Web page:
US warns Iran over response to anti-govt protests, says 'the world will be watching what you do'
US Ambassador Nikki Haley warned Iranian authorities on Friday that the world is watching as Tehran responds to anti-government protests.
United Nations: US Ambassador Nikki Haley warned Iranian authorities on Friday that the world is watching as Tehran responds to anti-government protests.
"The Iranian regime is now on notice: the world will be watching what you do," Haley told an emergency meeting of the UN Security Council on the situation in the Islamic republic.
The United States called the meeting despite fierce criticism from Russia, which accused Washington of interfering in Iran's internal affairs.
"The Iranian people are rising up in over 79 locations throughout the country," Haley told the council.
"It is a powerful exhibition of brave people who have become so fed up with their oppressive government that they are willing to risk their lives in protest."
Haley accused the government of funding a pro-regime military campaign in Syria, backing Shiite militias in Iraq and supporting a crony elite while ordinary Iranians struggle.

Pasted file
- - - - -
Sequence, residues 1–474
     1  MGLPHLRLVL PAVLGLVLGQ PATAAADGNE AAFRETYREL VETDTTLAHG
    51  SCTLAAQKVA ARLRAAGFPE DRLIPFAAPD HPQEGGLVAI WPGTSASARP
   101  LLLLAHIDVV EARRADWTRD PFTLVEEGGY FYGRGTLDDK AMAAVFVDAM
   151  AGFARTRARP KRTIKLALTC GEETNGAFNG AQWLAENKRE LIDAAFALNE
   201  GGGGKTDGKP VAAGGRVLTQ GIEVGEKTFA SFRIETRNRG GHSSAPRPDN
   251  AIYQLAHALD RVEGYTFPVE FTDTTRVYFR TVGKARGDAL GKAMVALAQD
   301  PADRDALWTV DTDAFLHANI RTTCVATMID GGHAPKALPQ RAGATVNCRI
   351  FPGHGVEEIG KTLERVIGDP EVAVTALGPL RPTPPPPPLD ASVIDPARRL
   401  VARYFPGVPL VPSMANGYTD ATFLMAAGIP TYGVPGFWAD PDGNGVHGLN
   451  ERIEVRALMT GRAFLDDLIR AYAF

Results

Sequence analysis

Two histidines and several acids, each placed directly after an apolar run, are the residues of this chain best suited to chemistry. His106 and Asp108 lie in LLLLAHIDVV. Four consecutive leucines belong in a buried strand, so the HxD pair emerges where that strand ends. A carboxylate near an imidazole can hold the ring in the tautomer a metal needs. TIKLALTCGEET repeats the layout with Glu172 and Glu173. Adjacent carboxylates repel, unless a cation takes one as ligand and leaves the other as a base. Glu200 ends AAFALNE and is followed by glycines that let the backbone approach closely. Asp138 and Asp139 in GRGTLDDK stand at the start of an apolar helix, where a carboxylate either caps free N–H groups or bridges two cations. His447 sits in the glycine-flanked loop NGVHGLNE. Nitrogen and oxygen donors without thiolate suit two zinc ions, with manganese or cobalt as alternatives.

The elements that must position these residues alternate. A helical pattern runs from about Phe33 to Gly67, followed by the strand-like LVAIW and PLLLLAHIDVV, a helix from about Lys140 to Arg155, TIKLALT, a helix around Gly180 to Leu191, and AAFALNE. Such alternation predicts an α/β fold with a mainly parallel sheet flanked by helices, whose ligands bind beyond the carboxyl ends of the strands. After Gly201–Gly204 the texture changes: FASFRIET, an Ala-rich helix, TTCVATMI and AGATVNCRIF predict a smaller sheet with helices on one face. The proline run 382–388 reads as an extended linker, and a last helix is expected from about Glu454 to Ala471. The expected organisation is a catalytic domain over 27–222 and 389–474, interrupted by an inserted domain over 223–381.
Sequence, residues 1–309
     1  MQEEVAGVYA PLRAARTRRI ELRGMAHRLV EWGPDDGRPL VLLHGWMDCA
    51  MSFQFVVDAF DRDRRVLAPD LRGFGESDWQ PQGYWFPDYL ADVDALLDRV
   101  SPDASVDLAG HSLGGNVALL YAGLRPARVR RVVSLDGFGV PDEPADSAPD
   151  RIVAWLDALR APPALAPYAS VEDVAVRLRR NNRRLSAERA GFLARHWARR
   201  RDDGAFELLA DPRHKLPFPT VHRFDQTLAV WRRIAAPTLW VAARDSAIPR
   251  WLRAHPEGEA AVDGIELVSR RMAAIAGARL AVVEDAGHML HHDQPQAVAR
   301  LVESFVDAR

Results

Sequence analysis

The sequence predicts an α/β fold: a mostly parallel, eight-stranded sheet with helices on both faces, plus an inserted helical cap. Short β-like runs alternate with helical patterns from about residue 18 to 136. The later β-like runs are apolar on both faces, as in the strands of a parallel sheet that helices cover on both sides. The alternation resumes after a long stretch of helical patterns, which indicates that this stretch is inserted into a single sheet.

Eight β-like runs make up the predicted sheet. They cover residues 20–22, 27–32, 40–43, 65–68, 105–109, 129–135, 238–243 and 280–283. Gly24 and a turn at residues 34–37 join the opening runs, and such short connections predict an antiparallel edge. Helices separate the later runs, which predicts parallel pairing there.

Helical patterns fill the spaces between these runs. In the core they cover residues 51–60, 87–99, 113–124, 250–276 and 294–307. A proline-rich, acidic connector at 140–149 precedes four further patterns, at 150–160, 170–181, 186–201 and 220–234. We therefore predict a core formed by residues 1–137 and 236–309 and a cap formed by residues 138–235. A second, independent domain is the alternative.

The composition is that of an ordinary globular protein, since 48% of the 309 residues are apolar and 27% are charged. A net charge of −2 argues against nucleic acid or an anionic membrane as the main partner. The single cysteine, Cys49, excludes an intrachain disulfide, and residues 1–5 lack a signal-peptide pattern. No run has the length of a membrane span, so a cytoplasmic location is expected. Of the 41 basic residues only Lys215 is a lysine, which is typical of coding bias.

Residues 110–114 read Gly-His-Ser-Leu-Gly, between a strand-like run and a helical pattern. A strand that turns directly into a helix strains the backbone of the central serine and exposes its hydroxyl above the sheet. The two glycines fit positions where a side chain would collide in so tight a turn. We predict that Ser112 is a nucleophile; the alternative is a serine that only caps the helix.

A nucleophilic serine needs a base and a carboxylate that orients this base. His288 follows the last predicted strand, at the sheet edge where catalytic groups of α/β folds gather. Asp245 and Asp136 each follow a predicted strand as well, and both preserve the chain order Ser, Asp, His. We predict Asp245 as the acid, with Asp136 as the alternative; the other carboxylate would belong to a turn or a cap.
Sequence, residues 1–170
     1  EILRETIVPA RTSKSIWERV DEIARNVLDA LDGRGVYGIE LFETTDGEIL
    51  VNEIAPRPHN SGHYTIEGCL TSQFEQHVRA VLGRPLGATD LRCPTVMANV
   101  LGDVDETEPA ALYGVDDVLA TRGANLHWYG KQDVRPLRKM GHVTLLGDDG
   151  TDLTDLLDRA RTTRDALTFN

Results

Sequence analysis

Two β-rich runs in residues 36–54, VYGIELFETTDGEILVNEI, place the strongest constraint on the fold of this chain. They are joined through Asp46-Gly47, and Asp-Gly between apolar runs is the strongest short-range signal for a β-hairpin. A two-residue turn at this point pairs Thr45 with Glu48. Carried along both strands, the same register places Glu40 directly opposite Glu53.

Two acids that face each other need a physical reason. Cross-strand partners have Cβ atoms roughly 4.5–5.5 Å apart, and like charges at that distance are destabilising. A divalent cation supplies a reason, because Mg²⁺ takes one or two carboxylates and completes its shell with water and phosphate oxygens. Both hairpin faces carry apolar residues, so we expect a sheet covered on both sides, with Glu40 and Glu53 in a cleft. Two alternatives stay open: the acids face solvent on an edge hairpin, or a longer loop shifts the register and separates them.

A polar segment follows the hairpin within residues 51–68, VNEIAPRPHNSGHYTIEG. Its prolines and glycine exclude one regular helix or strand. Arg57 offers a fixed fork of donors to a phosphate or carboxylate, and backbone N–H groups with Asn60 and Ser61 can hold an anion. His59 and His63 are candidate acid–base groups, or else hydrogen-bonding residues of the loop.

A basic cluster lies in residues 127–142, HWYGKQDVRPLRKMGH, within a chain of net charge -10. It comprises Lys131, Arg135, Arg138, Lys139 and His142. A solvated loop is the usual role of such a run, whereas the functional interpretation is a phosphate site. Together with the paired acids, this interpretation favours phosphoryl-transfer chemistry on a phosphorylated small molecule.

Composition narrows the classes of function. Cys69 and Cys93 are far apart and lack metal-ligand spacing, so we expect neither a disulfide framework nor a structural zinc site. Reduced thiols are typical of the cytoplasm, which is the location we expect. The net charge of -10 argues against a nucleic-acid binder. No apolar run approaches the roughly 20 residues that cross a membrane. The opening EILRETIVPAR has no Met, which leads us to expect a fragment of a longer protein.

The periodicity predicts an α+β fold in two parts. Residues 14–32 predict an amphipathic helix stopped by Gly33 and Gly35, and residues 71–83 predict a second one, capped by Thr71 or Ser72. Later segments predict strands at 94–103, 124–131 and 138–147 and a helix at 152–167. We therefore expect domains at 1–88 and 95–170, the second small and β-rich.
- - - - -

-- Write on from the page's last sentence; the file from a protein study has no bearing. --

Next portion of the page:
The Iranian people are telling their government to "stop the support for terrorism, stop giving billions of our money to killers and dictators, stop taking our wealth and spending it on foreign fighters and proxy wars," said Haley.
A total of 21 people have died and hundreds have been arrested since 28 December as protests over economic woes turned against the Iranian regime, with attacks on government buildings and police stations.
Pro-regime rallies were held in Tehran after Friday prayers, the third straight day of marches in support of the government, which has declared the unrest over.
Diplomats had expected Russia to call a procedural vote to try to block the meeting, but in the end, Moscow's envoy did not make that request.
Heading into the council chamber, Haley gave reporters a thumbs-up and answered "yes" when asked if she had the nine votes needed for the meeting to go ahead.
Over the past days, the United States has lobbied hard to win support for the Security Council meeting, especially from the six new non-permanent council members, diplomats said.
For a new agenda item to be discussed at the Security Council, at least nine of the 15 council members must support holding the meeting. No vetoes apply.
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